Calgary oil and gas companies linked to almost 30% of incidents reported to Alberta Energy Regulator

Canadian Natural Resources Limited, Penn West and Husky Energy account for almost 30 per cent of publicized incidents reported to the Alberta Energy Regulator.

Take a look at the breakdown of more than 1,000 incidents from June 2013

Reportable incidents include releases of hydrogen sulphide and hydrocarbons, or instances of contaminating bodies of water. (Sue Ogrocki/Associated Press)

Calgary-based oil companies Canadian Natural Resources Limited (CNRL), Penn West Exploration and Husky Energy account for close to 30 per cent of incidents publicly reported to the Alberta Energy Regulator, according to a Radio-Canada analysis.

More than 1,000 incidents, ranging from June 2013 to now, are listed on the AER database.

It includes reportable incidents like releases of hydrogen sulphide and hydrocarbons, or instances of contaminating bodies of water.

CNRL accounted for 137 reported incidents as of last Friday, Penn West for 82 and Husky Energy for 81.

Some energy giants didn't appear as often in these statistics. Imperial Oil accounted for 14 incidents while Suncor Energy was responsible for five.

Most incidents were related to pipelines. They include minor incidents, but also more serious ones such as Nexen's five million litre spill in July near Fort McMurray and the one million litre leak around CNRL's Primrose site in 2013.

Gaétan Caron, a fellow at the School of Public Policy at the University of Calgary, said that company size may be linked to the number of incidents but other factors may also be in play.

"A company ... with little culture of safety, or that is less conscious of the environmental impact of their operations, is more likely to appear in such a database," said Caron.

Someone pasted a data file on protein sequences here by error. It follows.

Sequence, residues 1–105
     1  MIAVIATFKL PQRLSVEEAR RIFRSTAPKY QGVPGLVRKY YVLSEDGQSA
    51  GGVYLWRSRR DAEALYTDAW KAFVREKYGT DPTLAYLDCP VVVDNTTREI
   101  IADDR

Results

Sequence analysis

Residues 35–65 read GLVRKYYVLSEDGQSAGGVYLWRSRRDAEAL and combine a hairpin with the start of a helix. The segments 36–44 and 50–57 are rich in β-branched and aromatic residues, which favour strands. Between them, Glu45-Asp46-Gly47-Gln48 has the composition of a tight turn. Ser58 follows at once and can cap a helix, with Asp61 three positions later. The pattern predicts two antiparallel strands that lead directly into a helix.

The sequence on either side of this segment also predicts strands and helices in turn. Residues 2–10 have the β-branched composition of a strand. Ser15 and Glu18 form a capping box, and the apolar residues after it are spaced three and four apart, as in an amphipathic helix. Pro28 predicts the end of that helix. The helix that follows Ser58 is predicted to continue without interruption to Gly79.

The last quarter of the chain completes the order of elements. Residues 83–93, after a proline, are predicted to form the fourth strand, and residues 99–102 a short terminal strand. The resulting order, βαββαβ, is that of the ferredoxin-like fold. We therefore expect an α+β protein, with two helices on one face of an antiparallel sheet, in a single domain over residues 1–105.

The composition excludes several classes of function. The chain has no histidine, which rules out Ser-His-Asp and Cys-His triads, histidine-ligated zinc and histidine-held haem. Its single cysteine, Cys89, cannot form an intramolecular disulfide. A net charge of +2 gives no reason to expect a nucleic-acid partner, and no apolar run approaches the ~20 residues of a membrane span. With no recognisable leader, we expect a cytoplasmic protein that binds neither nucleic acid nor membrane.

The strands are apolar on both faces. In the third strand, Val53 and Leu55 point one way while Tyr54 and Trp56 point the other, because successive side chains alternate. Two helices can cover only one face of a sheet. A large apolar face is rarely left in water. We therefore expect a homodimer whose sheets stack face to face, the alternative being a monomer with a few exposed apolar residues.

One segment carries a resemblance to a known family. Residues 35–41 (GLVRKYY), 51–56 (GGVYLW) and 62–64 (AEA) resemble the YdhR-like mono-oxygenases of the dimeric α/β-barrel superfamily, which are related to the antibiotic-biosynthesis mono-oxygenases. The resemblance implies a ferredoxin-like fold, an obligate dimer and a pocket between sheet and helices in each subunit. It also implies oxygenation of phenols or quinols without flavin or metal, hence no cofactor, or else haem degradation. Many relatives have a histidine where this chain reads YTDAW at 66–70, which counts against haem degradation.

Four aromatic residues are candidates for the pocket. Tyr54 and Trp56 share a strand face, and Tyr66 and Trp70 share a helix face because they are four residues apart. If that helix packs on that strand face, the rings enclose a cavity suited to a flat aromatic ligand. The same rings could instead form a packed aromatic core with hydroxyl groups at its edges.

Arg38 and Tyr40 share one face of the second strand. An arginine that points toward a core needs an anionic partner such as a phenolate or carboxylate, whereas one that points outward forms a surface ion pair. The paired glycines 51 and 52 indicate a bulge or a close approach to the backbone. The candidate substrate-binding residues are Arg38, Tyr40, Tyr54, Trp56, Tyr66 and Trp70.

Greenpeace, companies react

Mike Hudema, a climate and energy campaigner at Greenpeace, said companies appearing repeatedly in the database should be punished.

"The government really should be putting a stop to their operations if they are not able to operate them safely," said Hudema.

"It's just a matter of time before we have a major disaster ... we are putting the environment at risk, we are putting the communities at risk."

Canadian Natural Resources spokeswoman Julia Woo said the vast majority of incidents mentioned in the database were of very low consequence, with no long-term effects to the environment.

"Our goal is to have zero incidents," said Woo. "When rare events occur, such as equipment malfunction that results in an incident, we have safety and environmental management systems in place to quickly manage these events." 

In a statement Husky Energy said that it takes all incidents seriously and responds appropriately. Penn West declined the opportunity to comment.

According to another database, Penn West has been issued seven suspension notices since July 2014, CNRL has received five and three have been issued to Husky Energy.


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